Water (and water-dripping humans) conduct heat 50 times more effectively than still air. You've probably spent a good part of an hour soaking in 105 to 115F water . . . superheated your body . . . and then you complain when the environment soaks that heat away 50 times faster than if your skin were dry? Stay in the pool and rise in stages to dry yourself off, limiting the amount of time wet skin is in contact with cold air. It works . . . trust me.
Three parts of your anatomy are particularly susceptible to the cold. They are: your scalp, your hands and your feet (no, that other part is not as vulnerable as you might think). The scalp, with close surface blood vessels, radiates as much as 30% of the available heat in your body. The hands and feet have limited peripheral circulation and especially feel the cold. Pay special attention to drying these areas and then get them covered and out of the cold soonest (hat, boots and gloves).
How you dry is just as important. Forget thick, plush bath towels. They soak and hold water without really drawing enough moisture off your skin to be dry. Drying with a cotton bath towel in cold weather is like re-wetting your skin with the absorbed water after a few passes . . . and that towel is now cold as heck! And heavy to hike back out with because you're hiking the water out.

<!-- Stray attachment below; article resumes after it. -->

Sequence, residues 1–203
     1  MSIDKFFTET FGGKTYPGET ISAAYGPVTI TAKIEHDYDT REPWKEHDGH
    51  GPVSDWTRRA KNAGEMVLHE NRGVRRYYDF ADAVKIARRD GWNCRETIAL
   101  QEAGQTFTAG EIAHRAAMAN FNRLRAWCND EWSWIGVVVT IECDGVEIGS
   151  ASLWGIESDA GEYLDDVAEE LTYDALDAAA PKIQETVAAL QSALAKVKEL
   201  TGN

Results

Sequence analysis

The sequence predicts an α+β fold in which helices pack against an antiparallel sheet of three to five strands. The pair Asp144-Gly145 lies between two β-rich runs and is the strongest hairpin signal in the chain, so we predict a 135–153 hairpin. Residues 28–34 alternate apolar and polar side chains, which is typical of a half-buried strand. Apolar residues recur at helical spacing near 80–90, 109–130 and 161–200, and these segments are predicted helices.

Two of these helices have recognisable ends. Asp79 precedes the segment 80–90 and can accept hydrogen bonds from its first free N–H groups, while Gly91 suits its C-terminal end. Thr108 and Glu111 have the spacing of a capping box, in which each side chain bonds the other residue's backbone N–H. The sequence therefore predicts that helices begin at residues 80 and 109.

I prefer using a hiker's chamois (like the chamois we dry our cars with but marketed for backpackers). This item will suck an amazing amount of water from your skin, works wet and is easily renewed by wringing out. Another cheap alternative are the Shammy's and Sham-Wow's now advertised on TV. These viscose materials also make great cloths to use in the pool to wipe the face, cover the head, etc. A small chamois dries you much more effectively than a cotton towel.
Dry, you withstand the cold better . . . your superheated skin guarantees it. A small, dry cotton washcloth finishes the drying of head, hands and feet. Get a knit cap on your head, then fresh, dry socks with the boots . . . gloves if needed. Then you can get around to dressing the rest of yourself, knowing that most of the moisture is off your skin and your not going to saturate your inner, wicking garments on the way out because your skin is still slightly damp.
Better yet, stay nude and see how long you can withstand the cold with the heat you've absorbed from the hot springs. You'd be surprised at your endurance level if you keep moving and generating additional heat. Of course, know your limits and dress when even the first hints of cooling too much (mild hypothermia) become evident. You'd be surprised at how pleasant cold weather nude hiking feels . . . especially after a hot springs soak!
The following is provided by a visitor to the springs who asked and was authorized to visit this past Saturday.
Rick, we had a great time, the tubs and the site looked great. however a [eastern European ethnicity-deleted] dad and 5 teenagers showed up, without permission, I filled them in on the rules and how to get permission. but then on our walk down we saw raisin wrappers and empty water bottles all over the trail on the way down, and they were not there on the way up. we picked them up and put them on the hood of their car. so if you get a e-mail from some [eastern European ethnicity-deleted] in Lynnwood I would deny the litter bugs permission.
Well dad . . . and kids? Sound like you? Are you teaching your children to be responsible citizens?